Google has an excellent online photo service. It is unrivaled, and nobody in the tech world offers up something quite as easy to use, or as packed with features. Unfortunately, the Photos tool doesn’t have a native desktop application for Linux users, which means if you want to use Google Photos on Linux to manage your photos, you’ll have to deal with opening up a web browser.
If you’re sick of having to open up the browser to upload a photo or two, this guide is for you. Follow along to learn how to set up Google Photos on the Linux desktop.
Note: to use Google Photos with Imagenes or Nativefier; you’ll need to have a Google account. If you do not already have one, click here to create one.
Method 1 – Imagenes
Imagenes is one of the best ways to get easy access to Google Photos on Linux. To get access to the Imagenes application, open up a terminal window by pressing Ctrl + Alt + T or Ctrl + Shift + T on the keyboard. Once the terminal window is open, you’ll need to follow our guide on how to enable Snap packages on your Linux PC. As of now, Snaps are supported on Ubuntu, Debian, Arch Linux, Fedora, OpenSUSE, Gentoo, and other distributions.
Note: not running a Linux distribution that has support for Snap packages? Consider installing Ubuntu. It has Snap support out of the box, and there’s no need to configure it!
With the Snap runtime up and running, you’ll be able to install the Imagenes application from the Snap store with the snap install command below.
sudo snap install imagenes
Let the app download and install. Once it’s done installing through the store, open up your app menu, and launch the application. Then, follow the step-by-step instructions to get set up with Google Photos.
Step 1: Load up Imagenes, look for the blue “Go to Google Photos” button and click on it to access the login page for Google.
Step 2: Fill out your Google account name, and password into the box so that you can log in to Google Photos in Imagenes.
Step 3: Once logged in, you’ll see your pictures accessible in the Imagenes application. Click “albums” to access your picture albums, or use the search box to find a particular photograph.
To upload photos to Imagenes, launch the Linux file manager, find a picture, and drag it directly into the app window. Or, hold Ctrl down, and select multiple with the mouse if you’d like to upload a few at a time.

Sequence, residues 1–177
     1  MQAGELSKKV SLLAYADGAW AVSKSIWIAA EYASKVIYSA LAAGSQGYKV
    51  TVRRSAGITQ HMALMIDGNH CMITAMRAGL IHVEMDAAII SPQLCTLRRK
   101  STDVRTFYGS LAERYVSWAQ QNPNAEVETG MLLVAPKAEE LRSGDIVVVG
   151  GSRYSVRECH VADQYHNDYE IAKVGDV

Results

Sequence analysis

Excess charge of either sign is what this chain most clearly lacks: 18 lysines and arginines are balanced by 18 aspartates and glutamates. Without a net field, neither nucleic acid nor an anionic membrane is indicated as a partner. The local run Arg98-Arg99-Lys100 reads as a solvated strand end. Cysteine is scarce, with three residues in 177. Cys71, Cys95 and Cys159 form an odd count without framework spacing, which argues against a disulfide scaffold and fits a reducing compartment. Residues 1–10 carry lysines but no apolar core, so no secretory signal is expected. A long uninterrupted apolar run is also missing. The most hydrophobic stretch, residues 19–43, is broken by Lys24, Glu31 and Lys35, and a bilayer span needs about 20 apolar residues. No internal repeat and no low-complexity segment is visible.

Method 2 – Nativefier
Imagenes is a nifty application to install if you’re not interested in building your own Photos app. However, it hasn’t been updated in quite a while, so the UI needs work. Another way to make Photos accessible on the Linux desktop is to create your own with Nativefier.
The Nativefier application can package nearly any website as an electron app. However, you’ll need to install it first, before attempting to use it. To get the latest version of Nativefier, head over to our guide on how to use Nativefier. When done, open up a terminal window and follow the step-by-step instructions to build your own Google Photos app for Linux.
Step 1: Using the CD command, move into the temporary directory.
Step 2: In the temporary folder, use the mkdir command to create a new build directory for Nativefier to work in.
mkdir -p gphotos-linux-build-dir
Step 3: Move into the new build folder with CD.
Step 4: Using the wget download app, grab the Google Photos icon from Wikimedia.
wget https://upload.wikimedia.org/wikipedia/commons/thumb/4/4f/Google_Photos_icon.svg/1024px-Google_Photos_icon.svg.png -O icon.png
Step 5: Run the Nativfier command to generate a new Linux Electron binary. Keep in mind that when the app is building, it may fail. If it does, re-run the command.
nativefier -p linux -a x64 -i icon.png --disable-context-menu --disable-dev-tools --single-instance https://www.photos.google.com
Step 6: Rename the Google Photos build directory from “google-photos-all-your-photos-organized-and-easy-to-find-linux-x64 ” to “google-photos”.
mv google-photos-all-your-photos-organized-and-easy-to-find-linux-x64 google-photos
Step 7: Place the newly built app into the “opt” directory on your Linux PC.
sudo mv /tmp/gphotos-linux-build-dir/google-photos /opt
Step 8: Rename the Google Photos binary file from “google-photos-all-your-photos-organized-and-easy-to-find” to “google-photos” with the mv command.
sudo mv /opt/google-photos/google-photos-all-your-photos-organized-and-easy-to-find /opt/google-photos/google-photos
Step 9: Update the permissions of the app, so that users on your Linux PC have access to it.
sudo chmod 755 -R /opt/google-photos/
Step 10: Create a new desktop shortcut icon file.
sudo touch /usr/share/applications/google-photos.desktop
Step 11: Open up the new desktop shortcut file in the Nano text editor.
sudo nano -w /usr/share/applications/google-photos.desktop
Step 12: Paste the code below into the Nano text editor.
Comment[en_US]= Access Google Photos on Linux.
GenericName[en_US]=Google Photos desktop app.
Step 13: Save the edits to the file in Nano by pressing Ctrl + O. Exit with Ctrl + X.
Step 14: Update the permissions of the shortcut using chmod.
sudo chmod +x /usr/share/applications/google-photos.desktop
Step 15: Open your app menu, search for “Google Photos” and launch it. Then, sign in with your Google Photos account.
Once you’ve signed in to Google Photos in the app, you’ll be able to access your pictures by clicking “photos,” albums by clicking “albums,” or upload new things by clicking the “upload” button.